Problem C
Changing Complexity
Creating star ship software modules and components isn’t easy, especially when the engineering and operations staff on those ships think it’s easy to maintain backwards compatibility. “Remodulate the deflector emitters”? “Reverse the polarity of the shield matrix”? The shield matrix was removed from the deflector shields $3$ versions ago! We gave them ample time to migrate their procedures and training to the newer quantum computers that now does the graviton flux analysis. We even said we could help out with documentation and resolving common procedures, but it turns out we just can’t teach an old dog new tricks…
To maintain the old ways of doing it, we’ve implemented a shield matrix translation layer so that they can use the same interface as they’ve always used. However, with the newer quantum computers changing their internal logic, we’ve been forced to rewrite the translation layer completely!
That being said, not everyone’s angry about maintaining a legacy interface. Our newest hire, Glaucia, actually seems to love maintenance and backwards compatibility work. And she’s very eager to get this to work.
While the rest of the team has taken a vacation at Sikaris, Glaucia wanted to take a stab at the rewrite project. Fortunately, the team’s been good at mapping up all the different tasks required to complete the rewrite, and has assigned all tasks their complexity and dependencies.
None of the rewrite tasks are too challenging for Glaucia. However, some of the tasks are quite boring. To avoid too much boredom at the same time, Glaucia has decided to complete the different tasks in alternating difficulty: They will first pick the least complex task of all the tasks they can perform, then pick the most complex task they can perform. They repeat this pattern until all tasks have been completed.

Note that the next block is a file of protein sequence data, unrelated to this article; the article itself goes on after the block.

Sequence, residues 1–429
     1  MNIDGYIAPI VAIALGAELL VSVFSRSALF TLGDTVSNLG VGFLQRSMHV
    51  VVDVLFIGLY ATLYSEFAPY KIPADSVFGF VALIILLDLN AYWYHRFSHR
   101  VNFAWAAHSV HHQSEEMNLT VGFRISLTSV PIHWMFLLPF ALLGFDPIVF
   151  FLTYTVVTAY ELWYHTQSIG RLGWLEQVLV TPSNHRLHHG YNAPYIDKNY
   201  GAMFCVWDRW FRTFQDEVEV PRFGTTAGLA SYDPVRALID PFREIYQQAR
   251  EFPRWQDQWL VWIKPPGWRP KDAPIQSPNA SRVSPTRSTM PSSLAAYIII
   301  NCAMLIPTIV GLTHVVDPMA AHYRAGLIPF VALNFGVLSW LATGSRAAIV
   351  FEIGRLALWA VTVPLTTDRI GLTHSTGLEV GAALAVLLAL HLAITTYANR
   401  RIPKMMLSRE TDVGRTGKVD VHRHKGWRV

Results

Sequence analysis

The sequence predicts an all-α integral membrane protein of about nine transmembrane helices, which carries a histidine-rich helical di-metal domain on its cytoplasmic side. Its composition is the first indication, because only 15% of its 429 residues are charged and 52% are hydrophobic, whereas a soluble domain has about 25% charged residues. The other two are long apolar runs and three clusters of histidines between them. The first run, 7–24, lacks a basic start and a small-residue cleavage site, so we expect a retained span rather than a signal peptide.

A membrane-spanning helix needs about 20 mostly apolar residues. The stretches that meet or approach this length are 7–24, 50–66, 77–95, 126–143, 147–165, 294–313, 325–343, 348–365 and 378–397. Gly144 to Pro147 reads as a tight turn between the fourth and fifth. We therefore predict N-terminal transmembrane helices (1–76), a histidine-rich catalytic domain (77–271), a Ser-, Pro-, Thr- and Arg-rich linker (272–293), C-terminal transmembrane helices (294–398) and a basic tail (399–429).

Glaucia can of course pick any task they want to, as long as it’s not been completed already, or some of its requirements have not yet been completed.
Of course, Glaucia managed to complete the entire rewrite project before the rest of the team came back from Sikaris. Unfortunately, the git history is a bit of a mess, and although it is not essential for anything, Glaucia’s manager wants to know which order they performed the tasks. Can you help their manager reconstruct which order Glaucia performed the tasks?
Input
The first line contains two integers, $V$ and $E$, the number of tasks and the number of different requirements, respectively. The complexity of a task is given by its ID: Task $1$ has $1$ complexity, task $2$ has $2$ complexity, and so on.
Then follow $E$ lines, each representing a requirement. Each line contains two integers, $u_ i$ and $v_ i$, indicating that task $v_ i$ can only be completed if $u_ i$ has been completed.
As the input may be very large, you should consider buffering it.
Output
Output
\[ \sum _{i=1}^ V i \times O_ i \]where $O_ i$ is the complexity of the $i^{th}$ task that was completed by Glaucia.
Limits

$1 \leq V \leq 200\, 000$

$0 \leq E \leq \min (400\, 000, \frac{V(V1)}{2})$

$0 < u_ i, v_ i \leq V$

For all $i \neq j$: If $u_ i = u_ j$, then $v_ i \neq v_ j$

The tasks form a forest of DAGs.
Sample Input 1  Sample Output 1 

7 8 1 6 2 4 3 1 4 6 5 1 5 4 7 2 7 5 
114 
Sample Input 2  Sample Output 2 

6 4 1 5 1 6 3 4 6 2 
78 
Sample Input 3  Sample Output 3 

200 0 
2025050